Prune and Raisin Filled Cookies Recipe Reviews - Allrecipes.com (Pg. 1)
Reviewed: Dec. 10, 2000
I have been looking for a prune slice recipe for years, without any luck....I cannot believe how delicious these are, add chopped maraschino cherries, maybe 10-12 and definitely walnuts...I live in RI and Italian cookie trays always have these in them, but no one ever has the recipe....try them, they are soooo good, and they go in my Christmas trays every year now....thanks so sharing...
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Photo by ECHOQUEEN

Cooking Level: Expert

Living In: North Providence, Rhode Island, USA
Reviewed: Oct. 7, 2007
I made these cookies for our family gathering this weekend and everybody loved them so much that each individual family took some home for later! I only wish a quantity could have been suggested for the chopped walnuts; I used 1/2 cup and we all enjoyed them, but more might have been nice too. Additionally, the recipe could have mentioned whether the dough needed to rest in the fridge a while before rolling out and filling, or whether you were supposed to proceed immediately to rolling out the cookies after initially mixing it; I decided to proceed immediately to kneading and rolling it out, but maybe I'll try resting the dough after mixing next time, to see if it could imrpove the recipe. The bottom line is that the cookies are not too sweet, but perfect for enjoying with coffee, either after dinner, or first thing in the morning! =o)
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Reviewed: Jan. 27, 2006
Delicious! This is very similar to my grandmother's recipe. The only difference for my family is we add a shot of brandy and 10 oz. chopped marachino cherries to the prune mixture. This must be a strictly Rhode Island cookie. I wonder if our families are from the same town in Italy!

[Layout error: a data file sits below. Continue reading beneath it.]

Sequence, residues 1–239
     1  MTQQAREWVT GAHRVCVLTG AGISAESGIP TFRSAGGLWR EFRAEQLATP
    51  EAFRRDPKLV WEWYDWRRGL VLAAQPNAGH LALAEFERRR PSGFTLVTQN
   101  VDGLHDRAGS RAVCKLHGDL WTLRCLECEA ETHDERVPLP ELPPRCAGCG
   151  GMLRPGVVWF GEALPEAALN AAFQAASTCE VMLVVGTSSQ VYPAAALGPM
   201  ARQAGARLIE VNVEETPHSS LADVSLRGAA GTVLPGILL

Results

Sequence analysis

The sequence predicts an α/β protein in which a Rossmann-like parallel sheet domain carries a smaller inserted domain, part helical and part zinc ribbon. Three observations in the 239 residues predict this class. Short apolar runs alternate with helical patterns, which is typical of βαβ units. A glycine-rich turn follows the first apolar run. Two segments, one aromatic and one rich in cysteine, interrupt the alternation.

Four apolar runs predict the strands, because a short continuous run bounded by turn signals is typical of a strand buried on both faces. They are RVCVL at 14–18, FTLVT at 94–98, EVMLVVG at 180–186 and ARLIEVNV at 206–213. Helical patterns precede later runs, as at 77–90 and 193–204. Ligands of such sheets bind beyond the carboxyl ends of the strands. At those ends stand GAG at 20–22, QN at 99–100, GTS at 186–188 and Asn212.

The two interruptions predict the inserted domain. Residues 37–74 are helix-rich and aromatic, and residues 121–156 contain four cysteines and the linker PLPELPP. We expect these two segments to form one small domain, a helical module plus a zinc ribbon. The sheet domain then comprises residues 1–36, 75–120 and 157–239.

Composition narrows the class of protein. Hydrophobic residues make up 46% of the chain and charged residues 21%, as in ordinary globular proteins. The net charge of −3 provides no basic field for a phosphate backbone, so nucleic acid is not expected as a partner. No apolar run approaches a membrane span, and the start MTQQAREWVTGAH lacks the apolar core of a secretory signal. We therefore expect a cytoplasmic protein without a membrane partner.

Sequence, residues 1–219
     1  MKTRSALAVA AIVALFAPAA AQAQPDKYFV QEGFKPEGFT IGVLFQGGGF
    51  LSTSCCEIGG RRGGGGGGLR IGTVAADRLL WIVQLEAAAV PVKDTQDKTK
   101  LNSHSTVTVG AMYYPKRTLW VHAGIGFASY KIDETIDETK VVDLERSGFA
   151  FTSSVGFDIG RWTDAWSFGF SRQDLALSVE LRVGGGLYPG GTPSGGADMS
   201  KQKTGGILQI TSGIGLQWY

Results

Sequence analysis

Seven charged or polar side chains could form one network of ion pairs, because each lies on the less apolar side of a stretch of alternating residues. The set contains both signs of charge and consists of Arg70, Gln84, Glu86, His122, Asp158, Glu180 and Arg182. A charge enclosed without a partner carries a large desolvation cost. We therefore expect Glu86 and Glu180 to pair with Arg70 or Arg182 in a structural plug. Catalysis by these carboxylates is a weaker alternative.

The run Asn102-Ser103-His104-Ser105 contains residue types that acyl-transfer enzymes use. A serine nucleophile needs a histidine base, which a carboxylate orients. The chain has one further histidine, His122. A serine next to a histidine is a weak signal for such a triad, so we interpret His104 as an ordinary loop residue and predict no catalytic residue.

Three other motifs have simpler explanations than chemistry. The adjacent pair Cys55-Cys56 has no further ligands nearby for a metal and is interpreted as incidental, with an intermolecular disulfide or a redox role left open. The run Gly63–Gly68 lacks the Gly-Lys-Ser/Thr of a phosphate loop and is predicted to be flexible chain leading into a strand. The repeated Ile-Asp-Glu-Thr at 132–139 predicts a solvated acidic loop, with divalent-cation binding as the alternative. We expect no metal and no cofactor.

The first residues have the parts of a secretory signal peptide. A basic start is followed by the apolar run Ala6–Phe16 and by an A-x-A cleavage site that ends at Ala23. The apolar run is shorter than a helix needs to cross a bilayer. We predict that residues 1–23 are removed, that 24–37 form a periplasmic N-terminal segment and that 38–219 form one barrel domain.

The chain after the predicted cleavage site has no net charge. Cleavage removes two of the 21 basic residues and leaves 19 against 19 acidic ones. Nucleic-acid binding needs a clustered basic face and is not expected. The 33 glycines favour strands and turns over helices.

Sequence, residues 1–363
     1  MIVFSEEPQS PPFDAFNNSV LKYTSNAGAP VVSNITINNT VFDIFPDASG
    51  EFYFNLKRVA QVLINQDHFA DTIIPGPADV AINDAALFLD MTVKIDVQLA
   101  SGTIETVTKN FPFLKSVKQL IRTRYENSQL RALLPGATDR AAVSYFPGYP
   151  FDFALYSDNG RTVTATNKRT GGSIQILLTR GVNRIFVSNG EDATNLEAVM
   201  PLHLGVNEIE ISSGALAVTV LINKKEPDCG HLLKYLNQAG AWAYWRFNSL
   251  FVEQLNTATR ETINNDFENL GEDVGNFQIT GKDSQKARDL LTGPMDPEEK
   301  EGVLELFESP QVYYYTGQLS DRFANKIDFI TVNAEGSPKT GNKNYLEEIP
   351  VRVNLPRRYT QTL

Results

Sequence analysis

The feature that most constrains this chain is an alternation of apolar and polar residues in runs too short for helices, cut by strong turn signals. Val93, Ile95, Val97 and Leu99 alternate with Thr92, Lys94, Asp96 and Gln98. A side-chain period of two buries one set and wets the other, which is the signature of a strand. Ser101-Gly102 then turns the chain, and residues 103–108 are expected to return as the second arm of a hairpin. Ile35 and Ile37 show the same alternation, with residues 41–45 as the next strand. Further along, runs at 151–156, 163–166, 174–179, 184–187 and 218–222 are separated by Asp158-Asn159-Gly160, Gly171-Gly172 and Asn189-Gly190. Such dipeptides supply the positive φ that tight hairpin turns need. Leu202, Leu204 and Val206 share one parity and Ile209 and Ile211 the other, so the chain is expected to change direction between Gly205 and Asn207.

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Reviewed: Mar. 19, 2010
Unlike the other reviewers, I had never heard of these cookies before, and did not have a sentimental/nostalgic reason for making them, so I was approaching these without any expectations. However, after having made these cookies, I fell absolutely in love with them! The recipe is perfect (the dough is absolutely beautiful, and is easy to work with), the crust is flavorful, crumbly but soft, the filling is just sweet enough, and the nuts add another texture dimension. The recipe makes a bunch, and after 5 days I only have a couple of cookies left (keep in mind this is just 4 people eating), they are that good! I would definitely recommend this recipe to everyone, even those who have never heard of these before. They are absolutely amazing with milk! ***These keep better out in the air, instead of in an airtight container since in a container they get a little soggy because of the filling.
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Cooking Level: Intermediate

Reviewed: Nov. 26, 2010